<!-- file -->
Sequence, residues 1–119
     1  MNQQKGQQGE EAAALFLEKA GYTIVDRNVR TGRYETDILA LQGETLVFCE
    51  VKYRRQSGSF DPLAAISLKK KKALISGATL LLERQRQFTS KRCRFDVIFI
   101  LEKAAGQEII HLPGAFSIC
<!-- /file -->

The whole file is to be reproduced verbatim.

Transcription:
Sequence, residues 1–119
     1  MNQQKGQQGE EAAALFLEKA GYTIVDRNVR TGRYETDILA LQGETLVFCE
    51  VKYRRQSGSF DPLAAISLKK KKALISGATL LLERQRQFTS KRCRFDVIFI
   101  LEKAAGQEII HLPGAFSIC